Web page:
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New Zealand plans DMCA-like legislation
December 6, 2006 11:27 PM   Subscribe

New Zealand may soon implement legislation very similar to the DMCA, if the latest draft of the Copyright Amendment Bill is passed. It would appear that the New Zealand government is about to make the same mistake made by the USA several years ago. Most specifically, they propose:
[To] introduce an offence (carrying a sentence of a fine not exceeding $150,000 or a term of imprisonment of up to 5 years, or both) for commercial dealing in devices, services, or information designed to circumvent technological protection measures
Her contact details are available online. We have a small window of opportunity to point out the problems and unintended consequences with similar legislation in other countries, and hopefully circumvent the same problems in New Zealand.
posted by pivotal (17 comments total)

 
You know, you're not likely to be forgiven for the self-link.
posted by Astro Zombie at 11:49 PM on December 6, 2006


I debated it with myself for a while, but in these things I find people are so much more likely to act when given a starting point. If I'm crucified for it then so be it.
posted by pivotal at 11:55 PM on December 6, 2006


If I'm crucified for it then so be it.

When we get to the part where we throw lots for his clothes, I'm in.
posted by three blind mice at 12:06 AM on December 7, 2006


This post follows the same written formula as the hundreds of other political appeals I receive in email every year. If this post were transplanted into an email, I could not tell that it began life at MetaFilter.

Where are links to controversial tidbits about the bill? Links to the legal timeline of the battle?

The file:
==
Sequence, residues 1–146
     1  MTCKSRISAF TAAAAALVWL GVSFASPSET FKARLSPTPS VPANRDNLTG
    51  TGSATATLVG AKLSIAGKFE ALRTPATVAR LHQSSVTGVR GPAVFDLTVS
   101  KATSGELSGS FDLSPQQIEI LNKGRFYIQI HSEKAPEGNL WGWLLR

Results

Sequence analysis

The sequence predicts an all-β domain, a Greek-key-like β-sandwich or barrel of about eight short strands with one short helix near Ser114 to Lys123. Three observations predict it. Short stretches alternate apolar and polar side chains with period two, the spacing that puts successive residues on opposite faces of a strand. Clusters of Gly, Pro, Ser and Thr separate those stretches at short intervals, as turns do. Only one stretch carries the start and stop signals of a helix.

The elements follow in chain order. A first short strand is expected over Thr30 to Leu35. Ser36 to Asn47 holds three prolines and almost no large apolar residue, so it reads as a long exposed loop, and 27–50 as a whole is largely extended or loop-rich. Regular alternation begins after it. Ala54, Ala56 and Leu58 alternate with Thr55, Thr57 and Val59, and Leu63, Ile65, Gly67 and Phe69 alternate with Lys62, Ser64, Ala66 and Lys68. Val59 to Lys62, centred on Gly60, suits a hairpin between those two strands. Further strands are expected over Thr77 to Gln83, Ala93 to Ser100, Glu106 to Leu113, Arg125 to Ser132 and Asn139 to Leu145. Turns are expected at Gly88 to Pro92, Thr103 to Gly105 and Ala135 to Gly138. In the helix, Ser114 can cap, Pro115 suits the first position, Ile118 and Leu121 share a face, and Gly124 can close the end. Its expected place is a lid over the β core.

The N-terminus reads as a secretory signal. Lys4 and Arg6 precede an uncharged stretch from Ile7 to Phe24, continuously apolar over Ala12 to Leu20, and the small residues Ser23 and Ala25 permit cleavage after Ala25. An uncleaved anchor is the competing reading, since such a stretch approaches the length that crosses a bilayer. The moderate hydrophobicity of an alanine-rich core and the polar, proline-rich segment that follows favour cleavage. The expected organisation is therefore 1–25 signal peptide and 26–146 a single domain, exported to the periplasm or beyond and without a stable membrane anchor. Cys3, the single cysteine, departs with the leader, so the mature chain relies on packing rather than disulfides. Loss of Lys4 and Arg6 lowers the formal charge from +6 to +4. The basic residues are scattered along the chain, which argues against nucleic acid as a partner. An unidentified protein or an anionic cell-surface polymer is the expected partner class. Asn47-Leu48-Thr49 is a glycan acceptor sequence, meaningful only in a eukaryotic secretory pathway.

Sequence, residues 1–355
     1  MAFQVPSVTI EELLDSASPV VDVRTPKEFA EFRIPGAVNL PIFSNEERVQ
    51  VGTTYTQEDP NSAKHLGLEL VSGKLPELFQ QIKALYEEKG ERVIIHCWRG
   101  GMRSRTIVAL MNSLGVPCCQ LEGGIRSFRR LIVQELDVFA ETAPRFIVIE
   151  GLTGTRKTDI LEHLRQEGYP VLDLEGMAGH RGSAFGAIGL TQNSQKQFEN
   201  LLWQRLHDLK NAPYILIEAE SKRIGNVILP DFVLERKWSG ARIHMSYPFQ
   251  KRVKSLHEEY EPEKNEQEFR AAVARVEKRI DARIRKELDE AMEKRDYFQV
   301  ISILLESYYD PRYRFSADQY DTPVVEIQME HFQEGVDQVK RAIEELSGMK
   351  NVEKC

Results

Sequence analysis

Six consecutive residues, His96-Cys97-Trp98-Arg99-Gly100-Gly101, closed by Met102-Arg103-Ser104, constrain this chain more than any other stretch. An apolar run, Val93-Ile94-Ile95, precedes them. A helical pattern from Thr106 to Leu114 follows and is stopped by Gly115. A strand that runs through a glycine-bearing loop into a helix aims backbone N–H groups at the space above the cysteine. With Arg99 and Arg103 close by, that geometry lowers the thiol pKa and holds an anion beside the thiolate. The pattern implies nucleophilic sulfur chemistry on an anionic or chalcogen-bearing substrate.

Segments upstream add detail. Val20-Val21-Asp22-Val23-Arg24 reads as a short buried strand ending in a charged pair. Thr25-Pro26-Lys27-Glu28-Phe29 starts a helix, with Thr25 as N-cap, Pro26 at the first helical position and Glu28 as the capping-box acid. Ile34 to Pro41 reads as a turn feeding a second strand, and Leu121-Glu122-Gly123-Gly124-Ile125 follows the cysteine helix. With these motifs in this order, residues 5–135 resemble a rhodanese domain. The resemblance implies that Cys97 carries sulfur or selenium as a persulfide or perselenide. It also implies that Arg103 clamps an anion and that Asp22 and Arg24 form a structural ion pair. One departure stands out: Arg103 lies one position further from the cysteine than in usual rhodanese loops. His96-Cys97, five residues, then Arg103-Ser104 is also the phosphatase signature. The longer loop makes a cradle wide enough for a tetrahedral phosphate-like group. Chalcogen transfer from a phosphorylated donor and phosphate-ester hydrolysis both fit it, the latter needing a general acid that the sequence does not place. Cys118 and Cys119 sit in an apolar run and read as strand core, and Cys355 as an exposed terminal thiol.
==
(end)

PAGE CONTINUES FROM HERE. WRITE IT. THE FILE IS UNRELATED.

Where are the random personal factoids about the various representatives involved?

Where are the debates about the economic impact?

This post could have been so much, but ended up being so little.

(Some credit due to pivotal for clearly stating that it's a self-link.)
posted by crysflame at 12:21 AM on December 7, 2006 [1 favorite]


The bill was only introduced two days ago, so this must be a first reading -- it'll have to go through committee before anything else happens. It may well fade into obscurity like so many other fledgling bills.

A slightly more readable .pdf of the Copyright (New Technologies and Performers' Rights) Amendment Bill is linked here. I find it interesting that it apparently allows decompilation, copying and altering of software and trumps any "contractual term or condition" (see page 11 in the .pdf).

There's no drama, no battle, it's overshadowed like most parliamentary procedure currently by the Fiji coup attempt and whether NZ should ban Fiji from the rugby sevens tournament next February.
posted by tracicle at 12:31 AM on December 7, 2006


How would this affect the fact that as of now, all DVD players in NZ are suposed to be region-free? Isn't that circumventing electronic protection?
posted by jb at 4:43 AM on December 7, 2006


(maybe I'm wrong about the DVD players, but people have told me so, and my NZ roommate just sent a British DVD home for Christmas).
posted by jb at 4:44 AM on December 7, 2006


MeTa.
posted by eriko at 5:36 AM on December 7, 2006


three blind mice: "When we get to the part where we throw lots for his clothes, I'm in."

We should start giving a self-link detective reward. Thirty pieces of silver!
posted by Plutor at 6:03 AM on December 7, 2006


[I removed the self-link - put it in your profile if you want people to see it.]
posted by jessamyn at 7:02 AM on December 7, 2006